To be drawn into a spectacle…into a dream, that is the incredible beauty of watching a live performance. The music, dancing and theatre are all devices that can whisk us away from the humdrum days of the week and place us where we deserve to be: in the front row seat of our dreams.
What we could be, should be and what we are.
Whether it is spinning around on a stage in dance and song, fingers flying over piano keys or the rhythm of a ball bouncing on the court, sailing in the air then caught in stride… All places where dreams originate, for both young and old, should be treasured.
Watching those with such gifts and talent, the inspiration is mesmerizing.
These shots from a Chinese New Year celebration contain everything an escape from reality should hold for the audience:
- A showcase of beauty for the human spirit and body
- A celebration of culture, inviting the audience into a dream
- Flowing music and movements to fuel the soul long after the show ends
Perhaps the best part of any performance is watching the audience, especially those who are grateful for being able to revisit dreams of their past as they relish the present, and the youth of the present able to experience a bit of the past.
Music plays such a rich role in defining moments in life. To celebrate the sensations of a live show, music creates a path where the young and old are able to connect and share.
A live performance connects us to true talent that nothing on a screen can come close to matching, expanding our idea of what may be possible when it comes our turn to take the stage.
The movement and sounds…the sense that everything around you is a blur except for what your eyes want to see and your ears want to hear.
It is an escape into potential. The potential of anything your mind can dream. This is the magic of a live performance.
Potential. There will come a time, whether on a stage, on a field or in an office when opportunity strikes and your inspiration and talent will take all this potential and create a dream which you then turn into reality.
We are the lucky ones. Do not waste a moment of what we’ve been given.
When the lights fade and the echo of the final applause dissipates, alone sits the dreamer; motionless once again. Looking out into the night full of imagination and desire.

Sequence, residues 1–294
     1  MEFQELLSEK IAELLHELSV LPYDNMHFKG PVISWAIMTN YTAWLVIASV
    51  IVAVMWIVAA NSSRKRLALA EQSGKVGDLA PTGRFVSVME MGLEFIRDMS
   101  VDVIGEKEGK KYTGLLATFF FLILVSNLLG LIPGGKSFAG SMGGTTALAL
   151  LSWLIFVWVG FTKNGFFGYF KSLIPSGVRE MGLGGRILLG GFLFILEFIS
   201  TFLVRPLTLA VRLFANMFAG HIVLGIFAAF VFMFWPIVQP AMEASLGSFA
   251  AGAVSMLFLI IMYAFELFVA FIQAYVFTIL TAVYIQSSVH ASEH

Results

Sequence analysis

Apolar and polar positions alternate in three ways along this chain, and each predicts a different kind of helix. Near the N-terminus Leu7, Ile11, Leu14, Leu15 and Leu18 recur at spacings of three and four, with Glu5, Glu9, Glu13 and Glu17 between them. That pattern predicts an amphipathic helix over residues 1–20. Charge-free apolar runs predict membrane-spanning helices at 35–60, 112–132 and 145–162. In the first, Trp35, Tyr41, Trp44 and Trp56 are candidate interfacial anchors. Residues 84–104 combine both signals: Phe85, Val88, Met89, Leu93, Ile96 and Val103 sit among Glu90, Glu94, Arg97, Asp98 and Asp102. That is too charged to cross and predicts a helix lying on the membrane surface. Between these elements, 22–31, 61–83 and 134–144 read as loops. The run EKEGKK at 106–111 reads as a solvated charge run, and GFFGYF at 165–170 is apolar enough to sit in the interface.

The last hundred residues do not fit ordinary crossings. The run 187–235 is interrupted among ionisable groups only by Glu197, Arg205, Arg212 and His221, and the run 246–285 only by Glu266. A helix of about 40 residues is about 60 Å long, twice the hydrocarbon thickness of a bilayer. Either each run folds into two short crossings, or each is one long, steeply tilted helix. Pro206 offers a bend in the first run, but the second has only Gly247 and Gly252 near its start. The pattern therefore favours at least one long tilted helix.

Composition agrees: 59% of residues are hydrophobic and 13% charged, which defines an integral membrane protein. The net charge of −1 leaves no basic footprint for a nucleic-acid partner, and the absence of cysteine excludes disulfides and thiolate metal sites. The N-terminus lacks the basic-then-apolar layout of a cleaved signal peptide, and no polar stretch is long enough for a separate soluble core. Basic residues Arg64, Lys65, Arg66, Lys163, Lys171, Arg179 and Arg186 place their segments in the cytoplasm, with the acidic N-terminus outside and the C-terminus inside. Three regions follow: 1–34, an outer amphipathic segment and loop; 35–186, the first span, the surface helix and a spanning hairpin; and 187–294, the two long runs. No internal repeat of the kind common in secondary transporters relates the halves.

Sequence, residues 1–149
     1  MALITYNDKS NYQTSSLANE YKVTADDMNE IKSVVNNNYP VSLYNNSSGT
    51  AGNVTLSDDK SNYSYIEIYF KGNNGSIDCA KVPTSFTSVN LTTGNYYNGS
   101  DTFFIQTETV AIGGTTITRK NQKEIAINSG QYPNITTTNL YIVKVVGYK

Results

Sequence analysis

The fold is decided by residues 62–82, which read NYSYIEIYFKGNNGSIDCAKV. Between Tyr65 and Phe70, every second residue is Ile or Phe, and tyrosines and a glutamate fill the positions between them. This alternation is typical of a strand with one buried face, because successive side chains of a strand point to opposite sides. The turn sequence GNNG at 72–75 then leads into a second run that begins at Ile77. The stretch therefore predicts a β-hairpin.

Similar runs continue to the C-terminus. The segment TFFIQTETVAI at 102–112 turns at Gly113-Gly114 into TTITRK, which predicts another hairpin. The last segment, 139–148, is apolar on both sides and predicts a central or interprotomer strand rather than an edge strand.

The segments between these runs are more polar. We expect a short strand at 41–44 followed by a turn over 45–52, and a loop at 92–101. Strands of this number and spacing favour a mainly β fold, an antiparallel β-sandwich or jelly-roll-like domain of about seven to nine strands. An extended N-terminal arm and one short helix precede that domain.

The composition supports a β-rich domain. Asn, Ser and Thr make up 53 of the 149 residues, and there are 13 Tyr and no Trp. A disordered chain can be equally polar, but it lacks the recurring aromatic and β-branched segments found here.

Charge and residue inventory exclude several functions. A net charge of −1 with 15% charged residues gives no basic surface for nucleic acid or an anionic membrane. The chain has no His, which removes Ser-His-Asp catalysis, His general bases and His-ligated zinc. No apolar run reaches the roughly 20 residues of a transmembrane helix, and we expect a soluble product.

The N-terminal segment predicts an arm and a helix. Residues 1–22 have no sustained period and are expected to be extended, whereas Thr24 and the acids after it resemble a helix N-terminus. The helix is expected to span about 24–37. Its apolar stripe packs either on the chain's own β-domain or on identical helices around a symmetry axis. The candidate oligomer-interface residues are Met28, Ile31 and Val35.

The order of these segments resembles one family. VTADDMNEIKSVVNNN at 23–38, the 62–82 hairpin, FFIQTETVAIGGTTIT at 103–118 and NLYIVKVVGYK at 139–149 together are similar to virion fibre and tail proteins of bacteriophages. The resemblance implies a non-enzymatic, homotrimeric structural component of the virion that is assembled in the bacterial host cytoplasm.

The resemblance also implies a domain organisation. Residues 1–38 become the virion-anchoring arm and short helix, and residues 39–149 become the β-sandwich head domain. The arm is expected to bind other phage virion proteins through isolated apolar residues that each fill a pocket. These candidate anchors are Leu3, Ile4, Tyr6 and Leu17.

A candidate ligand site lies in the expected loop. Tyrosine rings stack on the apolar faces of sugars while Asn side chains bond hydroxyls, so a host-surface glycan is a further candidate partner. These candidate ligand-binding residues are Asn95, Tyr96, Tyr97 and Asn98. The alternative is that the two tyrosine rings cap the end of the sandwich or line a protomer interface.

So much hope in the air, the mind can hardly remain clear with all the excitement at what tomorrow may bring…
♫♪♬ “And she just kept on singing… Singing clear and strong…” ♫♪♬
NOTE: thanks to Roberta Flack and her incredible song “Killing Me Softly with His Song” for the inspiration of the opening & closing quote.
Posted on January 17, 2014
There are those who wake up each morning bathed in a glorious sunrise…steam rising off the hot springs outside their door as they gaze across the sky, admiring a rising sun and the beauty of nature. A beauty whose only rival is the one they have laying across their chest as they rest in bed.
If this is you, then this post will likely not be of interest…
Instead, as the holiday season winds down and the bleak side of winter seeps in, this post is for those who feel the dark, deep cold of the season beginning to weigh on their spirit.
This post is for the person jogging down a mountain in twilight, hoping to make it to the car before the sky really opens up with snow and freezing rain…
While luck is on their side, as they make it to the car right before the sky opens, it is a short-lived moment of elation as they find out that once again “someone” left the dome light on in the car prior to the hike… and the only thing colder than the car battery is their sinking heart looking forward to a cold night before help arrives.
These are the moments that tend to define the depths of winter. Early winter has the excitement of a change of seasons: the feeling of the first crisp chill in the air, the beauty of the first snowfall and perhaps a dark-haired girl in a sweater with eyes twinkling as she takes a sip of her coffee.
But then through the rush of the holiday season, reality begins to set in: the first snowfall is accompanied with closed roads and slush. The crisp chill in the air is soon accompanied by a weekend cold, and the girl with the twinkling eyes…well, she keeps things fresh enough to make the winter blues worthwhile.
To most, the dead of winter is defined by crappy weather and long periods of time stuck indoors. And while we remain trapped inside our hellish cells of purgatory, just outside our doors the Whooper Swans are living it up. Frolicking and almost taunting us as they swim, soar and romance as we lay tucked up inside our homes.